With the issue dominating social media and other public platforms in Bastar, support has also begun to filter in from politicians. Bastar BJP MP Dinesh Kashyap says several people had approached him. “It is true that journalists get stuck between the police and Maoists, and I support the issues being raised by them.”
Back in Darbha, cradling their younger daughter, Santosh’s wife Poonam wonders how long the four-month-old would have to wait for a name. “She was just over a month old when Santosh was arrested. Iska to abhi namkaran bhi nahin hua (She hasn’t even had a naming ceremony).”
* Charges against Santosh Yadav
Based on an August 21 encounter when Maoists allegedly damaged a National Highway and ambushed forces that had arrived to clear the road. In the incident, one STF assistant platoon commander was killed, and an STF personnel injured.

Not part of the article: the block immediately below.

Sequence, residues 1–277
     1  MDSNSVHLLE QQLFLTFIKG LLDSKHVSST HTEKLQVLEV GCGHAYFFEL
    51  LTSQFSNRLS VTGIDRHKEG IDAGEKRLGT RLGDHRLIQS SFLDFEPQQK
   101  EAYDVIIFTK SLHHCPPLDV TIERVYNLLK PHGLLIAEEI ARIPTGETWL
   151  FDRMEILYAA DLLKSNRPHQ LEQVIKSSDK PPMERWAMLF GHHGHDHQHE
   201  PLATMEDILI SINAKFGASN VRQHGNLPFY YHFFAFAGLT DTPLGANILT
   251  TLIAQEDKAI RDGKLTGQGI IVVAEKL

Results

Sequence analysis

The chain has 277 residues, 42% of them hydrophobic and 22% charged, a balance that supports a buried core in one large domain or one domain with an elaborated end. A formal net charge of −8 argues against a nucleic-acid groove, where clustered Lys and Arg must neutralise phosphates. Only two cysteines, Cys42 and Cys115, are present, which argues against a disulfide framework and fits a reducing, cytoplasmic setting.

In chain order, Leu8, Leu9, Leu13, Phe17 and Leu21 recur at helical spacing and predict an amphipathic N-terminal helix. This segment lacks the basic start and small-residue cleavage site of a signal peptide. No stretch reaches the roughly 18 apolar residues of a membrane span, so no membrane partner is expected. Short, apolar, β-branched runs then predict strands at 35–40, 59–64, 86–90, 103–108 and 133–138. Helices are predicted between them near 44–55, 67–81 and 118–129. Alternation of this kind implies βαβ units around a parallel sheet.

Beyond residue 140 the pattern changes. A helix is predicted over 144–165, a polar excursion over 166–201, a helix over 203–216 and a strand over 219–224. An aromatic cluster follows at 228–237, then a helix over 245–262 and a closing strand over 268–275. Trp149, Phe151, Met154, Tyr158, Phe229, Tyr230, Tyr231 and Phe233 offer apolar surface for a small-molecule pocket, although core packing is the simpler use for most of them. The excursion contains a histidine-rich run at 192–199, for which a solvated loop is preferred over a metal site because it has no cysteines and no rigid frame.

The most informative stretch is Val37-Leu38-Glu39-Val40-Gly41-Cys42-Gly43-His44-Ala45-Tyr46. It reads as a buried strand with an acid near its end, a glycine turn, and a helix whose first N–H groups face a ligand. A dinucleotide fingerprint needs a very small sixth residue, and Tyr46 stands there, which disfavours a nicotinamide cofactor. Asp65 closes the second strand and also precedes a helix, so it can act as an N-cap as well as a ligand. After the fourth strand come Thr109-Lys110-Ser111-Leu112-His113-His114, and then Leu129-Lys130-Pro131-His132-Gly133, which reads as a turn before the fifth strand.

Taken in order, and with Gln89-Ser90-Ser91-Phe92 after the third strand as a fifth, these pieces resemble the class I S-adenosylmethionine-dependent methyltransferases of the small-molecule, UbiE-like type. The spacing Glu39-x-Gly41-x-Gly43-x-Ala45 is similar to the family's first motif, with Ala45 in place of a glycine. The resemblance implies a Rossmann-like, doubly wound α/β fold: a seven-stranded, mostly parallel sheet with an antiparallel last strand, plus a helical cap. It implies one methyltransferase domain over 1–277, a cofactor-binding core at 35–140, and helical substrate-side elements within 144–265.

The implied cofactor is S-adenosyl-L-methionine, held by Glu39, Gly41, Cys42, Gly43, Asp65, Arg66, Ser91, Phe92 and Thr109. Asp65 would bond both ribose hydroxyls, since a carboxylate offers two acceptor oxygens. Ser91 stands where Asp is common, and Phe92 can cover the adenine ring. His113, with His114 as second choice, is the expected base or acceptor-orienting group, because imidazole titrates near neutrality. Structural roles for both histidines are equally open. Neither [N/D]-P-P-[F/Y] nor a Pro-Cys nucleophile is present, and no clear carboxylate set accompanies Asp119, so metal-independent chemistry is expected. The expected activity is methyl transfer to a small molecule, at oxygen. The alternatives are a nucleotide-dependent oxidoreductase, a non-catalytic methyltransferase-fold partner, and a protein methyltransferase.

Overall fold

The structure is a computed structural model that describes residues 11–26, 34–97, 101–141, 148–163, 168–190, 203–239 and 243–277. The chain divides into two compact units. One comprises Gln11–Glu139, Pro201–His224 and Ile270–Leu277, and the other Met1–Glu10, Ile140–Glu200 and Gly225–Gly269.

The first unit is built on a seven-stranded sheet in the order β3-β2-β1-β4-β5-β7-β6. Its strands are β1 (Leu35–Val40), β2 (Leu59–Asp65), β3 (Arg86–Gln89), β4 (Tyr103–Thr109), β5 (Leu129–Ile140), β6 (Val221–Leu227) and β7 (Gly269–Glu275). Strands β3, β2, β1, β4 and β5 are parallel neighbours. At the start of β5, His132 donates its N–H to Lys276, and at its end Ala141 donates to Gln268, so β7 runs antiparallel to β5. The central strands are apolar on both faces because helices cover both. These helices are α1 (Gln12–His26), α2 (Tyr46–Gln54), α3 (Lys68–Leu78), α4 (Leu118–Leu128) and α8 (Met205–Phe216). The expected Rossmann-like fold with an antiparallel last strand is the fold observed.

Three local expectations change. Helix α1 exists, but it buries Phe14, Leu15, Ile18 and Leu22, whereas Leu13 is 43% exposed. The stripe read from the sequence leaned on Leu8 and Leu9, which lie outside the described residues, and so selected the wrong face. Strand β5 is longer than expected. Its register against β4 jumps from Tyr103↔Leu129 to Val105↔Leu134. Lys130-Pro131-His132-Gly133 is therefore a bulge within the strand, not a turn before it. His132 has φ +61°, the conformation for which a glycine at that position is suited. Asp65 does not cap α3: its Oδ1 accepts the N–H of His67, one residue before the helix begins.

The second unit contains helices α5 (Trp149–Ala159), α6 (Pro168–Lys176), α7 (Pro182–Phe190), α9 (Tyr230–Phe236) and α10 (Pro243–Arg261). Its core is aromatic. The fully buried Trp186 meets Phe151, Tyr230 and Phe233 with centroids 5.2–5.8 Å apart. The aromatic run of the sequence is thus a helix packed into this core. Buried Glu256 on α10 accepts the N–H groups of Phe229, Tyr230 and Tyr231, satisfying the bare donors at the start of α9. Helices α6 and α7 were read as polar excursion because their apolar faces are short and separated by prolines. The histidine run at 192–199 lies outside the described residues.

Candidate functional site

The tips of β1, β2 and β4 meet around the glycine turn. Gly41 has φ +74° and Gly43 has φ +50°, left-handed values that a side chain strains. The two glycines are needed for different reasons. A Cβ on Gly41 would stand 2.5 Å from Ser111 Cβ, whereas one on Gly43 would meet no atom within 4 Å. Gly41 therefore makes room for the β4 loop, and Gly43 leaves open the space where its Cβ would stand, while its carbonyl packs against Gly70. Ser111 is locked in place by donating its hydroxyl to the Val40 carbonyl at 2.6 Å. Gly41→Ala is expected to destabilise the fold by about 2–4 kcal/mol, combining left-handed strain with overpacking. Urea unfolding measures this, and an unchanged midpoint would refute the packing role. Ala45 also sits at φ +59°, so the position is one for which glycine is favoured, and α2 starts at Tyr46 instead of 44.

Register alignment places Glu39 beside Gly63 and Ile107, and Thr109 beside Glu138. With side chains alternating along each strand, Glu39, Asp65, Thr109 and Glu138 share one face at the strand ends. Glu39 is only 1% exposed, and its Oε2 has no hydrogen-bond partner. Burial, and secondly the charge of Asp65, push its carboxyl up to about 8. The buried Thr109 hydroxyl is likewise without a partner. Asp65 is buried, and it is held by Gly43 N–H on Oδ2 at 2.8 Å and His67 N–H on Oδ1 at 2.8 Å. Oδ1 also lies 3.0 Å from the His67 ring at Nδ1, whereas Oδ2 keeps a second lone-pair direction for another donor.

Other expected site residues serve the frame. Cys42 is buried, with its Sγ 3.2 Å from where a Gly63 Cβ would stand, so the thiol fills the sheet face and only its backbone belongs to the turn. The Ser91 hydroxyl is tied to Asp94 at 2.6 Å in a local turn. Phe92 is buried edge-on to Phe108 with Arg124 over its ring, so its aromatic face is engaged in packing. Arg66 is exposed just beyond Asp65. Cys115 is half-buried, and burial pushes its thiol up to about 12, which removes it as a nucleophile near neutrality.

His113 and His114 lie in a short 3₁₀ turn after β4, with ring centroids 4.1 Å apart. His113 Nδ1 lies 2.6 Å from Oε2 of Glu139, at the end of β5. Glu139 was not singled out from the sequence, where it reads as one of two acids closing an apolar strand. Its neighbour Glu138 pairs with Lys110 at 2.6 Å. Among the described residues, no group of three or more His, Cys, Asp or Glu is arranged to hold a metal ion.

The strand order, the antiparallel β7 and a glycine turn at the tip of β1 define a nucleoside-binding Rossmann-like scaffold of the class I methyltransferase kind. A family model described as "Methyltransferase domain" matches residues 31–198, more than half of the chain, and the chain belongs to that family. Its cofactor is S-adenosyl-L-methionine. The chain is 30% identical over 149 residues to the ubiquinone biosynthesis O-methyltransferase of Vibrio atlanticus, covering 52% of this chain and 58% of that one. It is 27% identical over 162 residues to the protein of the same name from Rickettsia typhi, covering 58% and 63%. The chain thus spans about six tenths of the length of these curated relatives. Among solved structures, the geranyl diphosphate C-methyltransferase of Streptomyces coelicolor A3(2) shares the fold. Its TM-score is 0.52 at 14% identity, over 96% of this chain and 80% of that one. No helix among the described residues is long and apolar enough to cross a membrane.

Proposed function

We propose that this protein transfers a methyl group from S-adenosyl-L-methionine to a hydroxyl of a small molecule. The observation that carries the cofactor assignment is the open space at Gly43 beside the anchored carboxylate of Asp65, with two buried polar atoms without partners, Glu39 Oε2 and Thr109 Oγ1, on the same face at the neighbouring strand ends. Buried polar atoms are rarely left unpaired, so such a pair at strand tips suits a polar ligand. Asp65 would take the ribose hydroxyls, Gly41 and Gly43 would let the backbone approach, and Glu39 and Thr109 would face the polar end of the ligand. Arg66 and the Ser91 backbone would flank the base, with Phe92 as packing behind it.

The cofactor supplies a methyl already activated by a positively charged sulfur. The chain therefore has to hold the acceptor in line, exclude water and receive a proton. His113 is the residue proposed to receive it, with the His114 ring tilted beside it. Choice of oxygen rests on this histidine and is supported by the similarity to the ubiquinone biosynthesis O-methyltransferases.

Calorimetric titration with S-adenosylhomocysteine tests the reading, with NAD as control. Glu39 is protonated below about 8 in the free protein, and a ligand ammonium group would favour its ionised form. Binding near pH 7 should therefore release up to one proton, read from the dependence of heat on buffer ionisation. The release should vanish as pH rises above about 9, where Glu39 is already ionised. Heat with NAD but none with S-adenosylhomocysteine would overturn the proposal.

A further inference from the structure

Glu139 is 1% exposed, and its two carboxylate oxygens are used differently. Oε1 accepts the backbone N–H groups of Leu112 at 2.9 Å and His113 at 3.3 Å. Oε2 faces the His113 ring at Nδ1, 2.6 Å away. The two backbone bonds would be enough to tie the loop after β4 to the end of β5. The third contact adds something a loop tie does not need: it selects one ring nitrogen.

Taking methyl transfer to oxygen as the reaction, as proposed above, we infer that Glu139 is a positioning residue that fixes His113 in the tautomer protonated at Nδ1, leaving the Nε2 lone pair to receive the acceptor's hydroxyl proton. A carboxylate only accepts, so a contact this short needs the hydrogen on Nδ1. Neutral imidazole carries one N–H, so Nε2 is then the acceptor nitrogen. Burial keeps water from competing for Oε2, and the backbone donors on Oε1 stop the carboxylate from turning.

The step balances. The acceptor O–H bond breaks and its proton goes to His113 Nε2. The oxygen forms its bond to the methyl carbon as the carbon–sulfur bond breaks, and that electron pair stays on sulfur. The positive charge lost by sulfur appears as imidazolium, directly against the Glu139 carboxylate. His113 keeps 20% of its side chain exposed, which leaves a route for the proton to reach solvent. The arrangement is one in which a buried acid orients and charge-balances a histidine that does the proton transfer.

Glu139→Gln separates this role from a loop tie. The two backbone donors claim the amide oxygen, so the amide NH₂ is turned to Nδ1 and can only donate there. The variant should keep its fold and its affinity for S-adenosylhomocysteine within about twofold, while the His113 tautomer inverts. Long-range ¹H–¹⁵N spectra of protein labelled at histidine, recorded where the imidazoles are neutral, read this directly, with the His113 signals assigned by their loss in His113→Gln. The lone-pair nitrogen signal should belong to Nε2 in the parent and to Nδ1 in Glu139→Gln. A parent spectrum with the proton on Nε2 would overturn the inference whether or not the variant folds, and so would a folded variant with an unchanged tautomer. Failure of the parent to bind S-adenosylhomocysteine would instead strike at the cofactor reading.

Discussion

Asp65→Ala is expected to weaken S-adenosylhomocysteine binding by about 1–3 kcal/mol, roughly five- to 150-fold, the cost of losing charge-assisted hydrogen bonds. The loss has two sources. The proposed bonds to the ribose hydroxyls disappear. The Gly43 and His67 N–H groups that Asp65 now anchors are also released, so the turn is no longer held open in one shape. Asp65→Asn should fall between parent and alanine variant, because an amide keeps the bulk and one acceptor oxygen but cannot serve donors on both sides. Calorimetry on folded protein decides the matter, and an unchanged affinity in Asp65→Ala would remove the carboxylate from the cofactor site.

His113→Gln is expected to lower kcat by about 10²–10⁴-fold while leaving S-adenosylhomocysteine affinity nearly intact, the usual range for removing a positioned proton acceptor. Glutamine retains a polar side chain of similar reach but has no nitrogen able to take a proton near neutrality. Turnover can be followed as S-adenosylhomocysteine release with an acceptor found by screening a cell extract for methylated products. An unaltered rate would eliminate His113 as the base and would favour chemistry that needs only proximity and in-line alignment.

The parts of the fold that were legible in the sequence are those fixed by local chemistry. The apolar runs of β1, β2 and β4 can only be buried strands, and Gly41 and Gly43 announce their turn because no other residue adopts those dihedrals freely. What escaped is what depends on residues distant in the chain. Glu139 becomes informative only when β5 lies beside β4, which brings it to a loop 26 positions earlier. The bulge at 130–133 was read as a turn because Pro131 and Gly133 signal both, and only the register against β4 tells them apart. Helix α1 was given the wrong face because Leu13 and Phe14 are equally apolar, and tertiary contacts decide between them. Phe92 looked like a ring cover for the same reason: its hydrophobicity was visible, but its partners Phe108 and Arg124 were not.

Cases filed under sections of rioting, rioting armed with deadly weapon, unlawful assembly, wrongful restraint, party to criminal conspiracy, mischief by injury to public road, river, channel, attempt to murder, murder, Arms Act, Explosives Act, UAPA, Chhattisgarh Special Public Security Act.
He is in police remand. No chargesheet so far.
* Charges against Somaru Nag
On June 25, three crusher plants were attacked by Naxals, machines were burnt down and items stolen. Nag is alleged to have kept a watch for the Naxals.
Cases filed under sections of dacoity, mischief by fire or explosive substance, criminal conspiracy, criminal intimidation, Arms Act.
Four court hearings so far.